“On top of such rigorous material, the isolation and otherness that happens due to being the only or one of few is an added burden marginalized people, especially those with multiple marginalized identities, have to deal with,” Dr. Esquivel told BeLatina in an email interview. On top of feeling like an outsider, isolation was also consuming. “Being away from family at a predominately white institution, where the number of microaggressions was constant, really affected my mental health and, in turn, my coursework and research, so it was important to surround myself with mentors who supported me and believed in my ability to be a scientist.”

While she anticipated that the physics curriculum would be incredibly challenging, she was definitely not prepared for how hard the rest of the experience would be and how it would impact her as a student and a scientist.

The challenges she faced professionally and personally made her realize early on just how crucial representation is in academia and all fields, but especially in STEM. “It was really impactful for me to learn that there were other Black women who had made it out of the grad school metaphorical trenches. It’s absolutely important to create inclusive spaces where marginalized people, including Black, Latina, and genderqueer people, can thrive,” she said.

“The secrets of our universe don’t discriminate, these secrets can and should be unraveled by all those who wish to embark on that journey, and my aim is to clear as many barriers and leave these physics spaces better than I entered them.”

When inclusion and equal opportunities are the ultimate goal
Dr. Jessica Esquivel isn’t just dedicating her time and energy to studying complex scientific concepts — think quantum entanglement, space-time fabric, the building blocks of the universe… some seriously abstract physics concepts straight out of a sci-fi movie, as she explains. On top of her research, she put in so much extra work to show people, especially younger generations of women of color, that the physics and STEM world is not some old white man’s club where this prestigious knowledge is only available to them. Dr. Esquivel is an expert in her field; she knows things that no one else currently knows and has the ability and the power to transfer that knowledge to others and pass it down to others. There is a place for everyone, including people who look like her, in the STEM world, and she’s on a mission to inspire others while working to increase diversity, equity, and inclusion in the STEM space.

“Many of us who are underrepresented in STEM have taken on the responsibility of spearheading institutional change toward more just, equitable, and inclusive working environments as a form of survival,” she explains. “I’m putting in more work on top of the research I do because I recognize that I do better research if I feel supported and if I feel like I can bring my whole self to my job. My hope is that one day Black and brown women and gender-queer folks interested in science can pursue just that and not have to fight for their right to be a scientist or defend that they are worthy of doing science.”

Click here to read the full article on Be Latina.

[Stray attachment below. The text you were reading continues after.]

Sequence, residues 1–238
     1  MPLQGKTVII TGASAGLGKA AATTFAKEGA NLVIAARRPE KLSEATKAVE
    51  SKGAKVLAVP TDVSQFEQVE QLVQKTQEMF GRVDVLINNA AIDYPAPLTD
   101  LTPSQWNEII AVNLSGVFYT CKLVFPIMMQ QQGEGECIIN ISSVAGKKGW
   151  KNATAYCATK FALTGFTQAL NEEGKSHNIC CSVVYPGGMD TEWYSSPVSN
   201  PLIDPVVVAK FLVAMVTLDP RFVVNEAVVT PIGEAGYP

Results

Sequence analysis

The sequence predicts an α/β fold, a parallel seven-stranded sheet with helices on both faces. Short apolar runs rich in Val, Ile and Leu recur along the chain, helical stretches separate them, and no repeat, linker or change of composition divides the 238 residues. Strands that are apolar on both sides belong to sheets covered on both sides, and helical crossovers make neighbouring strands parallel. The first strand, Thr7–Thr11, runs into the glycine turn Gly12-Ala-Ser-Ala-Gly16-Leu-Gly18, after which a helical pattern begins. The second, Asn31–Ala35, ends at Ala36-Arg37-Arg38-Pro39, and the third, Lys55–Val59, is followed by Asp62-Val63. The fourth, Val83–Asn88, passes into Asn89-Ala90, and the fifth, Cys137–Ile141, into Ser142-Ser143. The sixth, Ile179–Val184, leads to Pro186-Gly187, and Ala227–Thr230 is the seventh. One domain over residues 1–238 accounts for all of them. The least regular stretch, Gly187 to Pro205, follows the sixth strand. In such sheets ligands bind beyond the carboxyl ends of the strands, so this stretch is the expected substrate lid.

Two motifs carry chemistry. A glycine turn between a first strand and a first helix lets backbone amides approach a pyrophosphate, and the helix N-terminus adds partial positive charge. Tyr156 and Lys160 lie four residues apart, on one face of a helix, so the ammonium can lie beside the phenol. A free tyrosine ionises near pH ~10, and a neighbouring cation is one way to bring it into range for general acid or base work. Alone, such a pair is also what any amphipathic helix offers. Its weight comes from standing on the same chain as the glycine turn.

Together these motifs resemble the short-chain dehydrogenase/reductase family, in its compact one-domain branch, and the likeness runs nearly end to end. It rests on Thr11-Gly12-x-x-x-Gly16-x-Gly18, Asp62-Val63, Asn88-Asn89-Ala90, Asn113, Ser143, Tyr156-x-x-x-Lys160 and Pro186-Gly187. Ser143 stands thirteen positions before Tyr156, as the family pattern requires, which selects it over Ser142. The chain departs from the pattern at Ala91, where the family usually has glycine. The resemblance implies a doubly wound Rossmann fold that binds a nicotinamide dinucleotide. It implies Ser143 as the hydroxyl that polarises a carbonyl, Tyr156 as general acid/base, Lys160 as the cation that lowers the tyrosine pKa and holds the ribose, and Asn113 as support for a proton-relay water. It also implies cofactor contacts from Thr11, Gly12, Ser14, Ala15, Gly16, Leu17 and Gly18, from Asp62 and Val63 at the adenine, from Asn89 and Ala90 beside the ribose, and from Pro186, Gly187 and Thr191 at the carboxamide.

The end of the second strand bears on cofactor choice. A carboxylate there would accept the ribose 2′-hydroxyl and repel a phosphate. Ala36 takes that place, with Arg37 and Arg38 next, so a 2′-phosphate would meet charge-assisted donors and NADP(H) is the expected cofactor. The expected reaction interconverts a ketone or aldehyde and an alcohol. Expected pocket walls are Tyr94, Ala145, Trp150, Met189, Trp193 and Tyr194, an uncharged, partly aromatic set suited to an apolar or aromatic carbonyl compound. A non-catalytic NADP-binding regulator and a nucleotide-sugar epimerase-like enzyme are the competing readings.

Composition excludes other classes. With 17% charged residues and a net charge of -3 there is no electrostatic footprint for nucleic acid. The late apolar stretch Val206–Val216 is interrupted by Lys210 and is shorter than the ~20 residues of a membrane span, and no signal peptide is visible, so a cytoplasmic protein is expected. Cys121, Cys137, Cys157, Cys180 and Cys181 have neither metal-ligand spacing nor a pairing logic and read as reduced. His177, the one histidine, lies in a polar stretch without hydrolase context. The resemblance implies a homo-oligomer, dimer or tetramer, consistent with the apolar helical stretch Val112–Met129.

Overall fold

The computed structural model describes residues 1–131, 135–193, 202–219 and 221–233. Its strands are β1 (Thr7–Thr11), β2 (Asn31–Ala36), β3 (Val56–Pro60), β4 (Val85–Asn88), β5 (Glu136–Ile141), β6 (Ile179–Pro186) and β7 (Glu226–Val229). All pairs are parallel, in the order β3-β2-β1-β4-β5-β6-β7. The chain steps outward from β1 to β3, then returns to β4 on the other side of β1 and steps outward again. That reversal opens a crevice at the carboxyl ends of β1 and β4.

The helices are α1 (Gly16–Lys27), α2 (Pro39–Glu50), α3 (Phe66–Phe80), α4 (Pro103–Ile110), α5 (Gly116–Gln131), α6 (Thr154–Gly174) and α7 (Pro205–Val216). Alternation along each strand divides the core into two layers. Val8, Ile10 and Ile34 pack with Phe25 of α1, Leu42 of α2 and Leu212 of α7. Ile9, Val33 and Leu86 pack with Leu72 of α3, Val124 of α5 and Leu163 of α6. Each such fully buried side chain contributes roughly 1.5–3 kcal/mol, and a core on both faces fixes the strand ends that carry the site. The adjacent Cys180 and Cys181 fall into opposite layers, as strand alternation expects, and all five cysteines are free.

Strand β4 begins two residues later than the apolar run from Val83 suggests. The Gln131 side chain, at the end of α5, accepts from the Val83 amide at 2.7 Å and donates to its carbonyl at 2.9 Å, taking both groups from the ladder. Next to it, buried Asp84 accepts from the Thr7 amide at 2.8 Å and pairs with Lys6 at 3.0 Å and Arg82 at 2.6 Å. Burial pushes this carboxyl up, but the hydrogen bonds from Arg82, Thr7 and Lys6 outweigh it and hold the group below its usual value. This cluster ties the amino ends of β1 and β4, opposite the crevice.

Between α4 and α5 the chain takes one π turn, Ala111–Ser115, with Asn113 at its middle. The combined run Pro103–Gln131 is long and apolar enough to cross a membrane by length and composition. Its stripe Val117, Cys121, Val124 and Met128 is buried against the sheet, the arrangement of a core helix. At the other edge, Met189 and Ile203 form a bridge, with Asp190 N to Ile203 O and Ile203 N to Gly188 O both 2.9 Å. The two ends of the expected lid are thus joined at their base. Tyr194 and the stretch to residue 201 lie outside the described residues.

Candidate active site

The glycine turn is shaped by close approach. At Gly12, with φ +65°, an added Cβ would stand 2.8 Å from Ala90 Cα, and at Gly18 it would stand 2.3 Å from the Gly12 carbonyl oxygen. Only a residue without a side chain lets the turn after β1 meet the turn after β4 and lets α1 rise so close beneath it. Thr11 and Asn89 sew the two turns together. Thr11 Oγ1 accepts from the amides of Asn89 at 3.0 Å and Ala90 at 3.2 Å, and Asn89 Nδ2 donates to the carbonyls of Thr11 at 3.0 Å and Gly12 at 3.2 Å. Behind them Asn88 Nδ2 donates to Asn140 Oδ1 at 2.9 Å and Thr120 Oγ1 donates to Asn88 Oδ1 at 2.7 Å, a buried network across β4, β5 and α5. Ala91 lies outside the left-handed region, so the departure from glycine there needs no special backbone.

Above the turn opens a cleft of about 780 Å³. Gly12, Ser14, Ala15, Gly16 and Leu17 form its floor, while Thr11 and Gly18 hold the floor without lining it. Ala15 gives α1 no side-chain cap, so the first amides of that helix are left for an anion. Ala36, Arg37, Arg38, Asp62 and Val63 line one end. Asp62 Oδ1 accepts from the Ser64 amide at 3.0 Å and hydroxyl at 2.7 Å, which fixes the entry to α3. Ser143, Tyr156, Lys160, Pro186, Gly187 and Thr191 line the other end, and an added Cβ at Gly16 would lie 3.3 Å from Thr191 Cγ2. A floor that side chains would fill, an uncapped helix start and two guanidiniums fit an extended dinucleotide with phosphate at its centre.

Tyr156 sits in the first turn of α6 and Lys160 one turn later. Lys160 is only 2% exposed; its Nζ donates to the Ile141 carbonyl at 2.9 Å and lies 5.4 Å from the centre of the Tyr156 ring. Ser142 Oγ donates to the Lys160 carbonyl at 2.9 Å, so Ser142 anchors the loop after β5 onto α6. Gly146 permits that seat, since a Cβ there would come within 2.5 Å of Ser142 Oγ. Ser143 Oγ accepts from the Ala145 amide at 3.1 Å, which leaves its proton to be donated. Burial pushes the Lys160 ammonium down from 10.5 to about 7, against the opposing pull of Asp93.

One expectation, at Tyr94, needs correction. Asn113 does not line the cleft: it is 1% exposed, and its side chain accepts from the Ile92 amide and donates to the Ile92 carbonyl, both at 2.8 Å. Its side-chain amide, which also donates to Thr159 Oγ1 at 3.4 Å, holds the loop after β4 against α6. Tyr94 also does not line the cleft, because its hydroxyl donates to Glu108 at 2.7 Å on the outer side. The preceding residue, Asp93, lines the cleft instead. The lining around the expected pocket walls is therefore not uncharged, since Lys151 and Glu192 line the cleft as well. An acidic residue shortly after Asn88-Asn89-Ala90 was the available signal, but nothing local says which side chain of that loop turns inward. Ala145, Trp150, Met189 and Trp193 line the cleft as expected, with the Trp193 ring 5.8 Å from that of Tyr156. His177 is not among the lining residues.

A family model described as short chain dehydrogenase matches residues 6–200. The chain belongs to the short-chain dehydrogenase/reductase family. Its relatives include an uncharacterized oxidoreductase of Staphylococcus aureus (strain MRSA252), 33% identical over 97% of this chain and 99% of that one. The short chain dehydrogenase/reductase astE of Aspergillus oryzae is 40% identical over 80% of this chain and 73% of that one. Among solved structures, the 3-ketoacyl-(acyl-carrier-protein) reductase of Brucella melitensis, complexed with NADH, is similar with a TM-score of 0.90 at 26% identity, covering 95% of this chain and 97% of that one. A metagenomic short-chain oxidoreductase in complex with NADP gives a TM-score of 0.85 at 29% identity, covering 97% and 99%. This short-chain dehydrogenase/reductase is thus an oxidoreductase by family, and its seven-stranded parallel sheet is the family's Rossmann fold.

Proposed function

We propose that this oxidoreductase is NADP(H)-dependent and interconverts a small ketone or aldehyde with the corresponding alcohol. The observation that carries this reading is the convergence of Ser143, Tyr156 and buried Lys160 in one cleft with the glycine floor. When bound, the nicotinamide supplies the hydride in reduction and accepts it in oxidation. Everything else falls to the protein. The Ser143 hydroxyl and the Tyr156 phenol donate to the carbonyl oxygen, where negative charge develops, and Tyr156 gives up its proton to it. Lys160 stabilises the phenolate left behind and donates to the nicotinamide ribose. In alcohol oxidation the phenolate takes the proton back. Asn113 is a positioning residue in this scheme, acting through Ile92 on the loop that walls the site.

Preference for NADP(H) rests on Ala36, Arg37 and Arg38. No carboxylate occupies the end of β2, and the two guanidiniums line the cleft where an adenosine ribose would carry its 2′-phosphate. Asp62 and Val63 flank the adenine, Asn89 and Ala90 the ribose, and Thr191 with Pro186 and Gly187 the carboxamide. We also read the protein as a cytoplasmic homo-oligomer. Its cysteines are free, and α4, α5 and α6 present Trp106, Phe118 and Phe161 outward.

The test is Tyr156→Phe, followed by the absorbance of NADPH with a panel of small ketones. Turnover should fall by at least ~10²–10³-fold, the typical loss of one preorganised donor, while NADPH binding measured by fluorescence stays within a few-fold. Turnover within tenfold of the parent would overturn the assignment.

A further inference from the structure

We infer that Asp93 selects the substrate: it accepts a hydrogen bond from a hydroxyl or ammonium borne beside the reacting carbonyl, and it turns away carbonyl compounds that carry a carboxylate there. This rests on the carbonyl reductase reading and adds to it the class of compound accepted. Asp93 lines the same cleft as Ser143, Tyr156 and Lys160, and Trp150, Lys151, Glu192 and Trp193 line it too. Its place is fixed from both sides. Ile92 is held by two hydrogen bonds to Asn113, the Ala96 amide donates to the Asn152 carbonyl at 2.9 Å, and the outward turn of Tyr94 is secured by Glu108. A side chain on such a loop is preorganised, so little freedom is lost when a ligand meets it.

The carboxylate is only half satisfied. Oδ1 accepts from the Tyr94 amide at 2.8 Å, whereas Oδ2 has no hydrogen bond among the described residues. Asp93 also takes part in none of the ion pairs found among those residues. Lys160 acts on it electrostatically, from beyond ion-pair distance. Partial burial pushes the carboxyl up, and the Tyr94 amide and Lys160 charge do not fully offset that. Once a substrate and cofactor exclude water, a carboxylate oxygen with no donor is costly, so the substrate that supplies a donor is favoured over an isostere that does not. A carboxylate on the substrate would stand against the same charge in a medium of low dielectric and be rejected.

Arizona Afro-Latina is raising awareness of her culture as leader for female empowerment

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Franchela Ulises founded the organization

By , NJ

Where are you from?

It’s a question that Franchela Ulises hears often in Arizona when she speaks in Spanish. In her native language.

She is used to the question. But she’ll never get used to the strange looks from others when she’s in public. She’s seen that look at the grocery store or at the park when she’s with her kids and they’re all talking in Spanish.

Sometimes she laughs it off. Other times, she lets her frustration flow.

Franchela was born in the U.S. Virgin Islands. Her parents are from the Dominican Republic.

In the country of her parents, Franchela doesn’t attract attention. Here in Arizona, in a desert state on the border with Mexico, a Black woman who speaks Spanish is watched with curiosity and sometimes reveals the prejudice toward people who share her heritage.

Facing discrimination. Not feeling recognized, included or accepted as an Afro-Latina. It’s exhausting, she says.

Franchela channeled her frustration into creating “Mujeres of all Shades.” The organization helps women of all races and cultural and ethnic backgrounds champion their own style, their own identities, their own expressions of beauty and brilliance.

She’s cultivating a collective of women who are changing the fashion industry to be more inclusive of what women want and how they want to be seen and heard.

Together, they fight for confidence and self-esteem and against stereotypes about beauty, race and gender. For Franchela, it is a movement.

She has three daughters. She wants them to see more Afro-Latinas represented on television and other media.

On a cool day in downtown Phoenix, Franchela is posing for photos and speaking in Spanish and English. She explains what life is like for Afro-Latinas in Arizona.

She fixes her hair and adjusts her jacket with splashes of vibrant colors from lime green to indigo blue. She crosses her legs and sets aside her Gucci bag.

Looking at the camera with the confidence of a Hollywood star on stage, a model on the runway or mama with three babies, she smiles and says: “I’m Afro-Latina.”

She releases a mischievous laugh adding, “I’m a little bit of everything.”

Franchela is 30 years old. She tries to explain how she defines herself, shows her identities in simple, straightforward ways that still seem so complicated in the eyes of people who do not know her cultural mix and her roots.

Click here to read the full article on NJ.

US Black business ownership sees rise thanks to women, study finds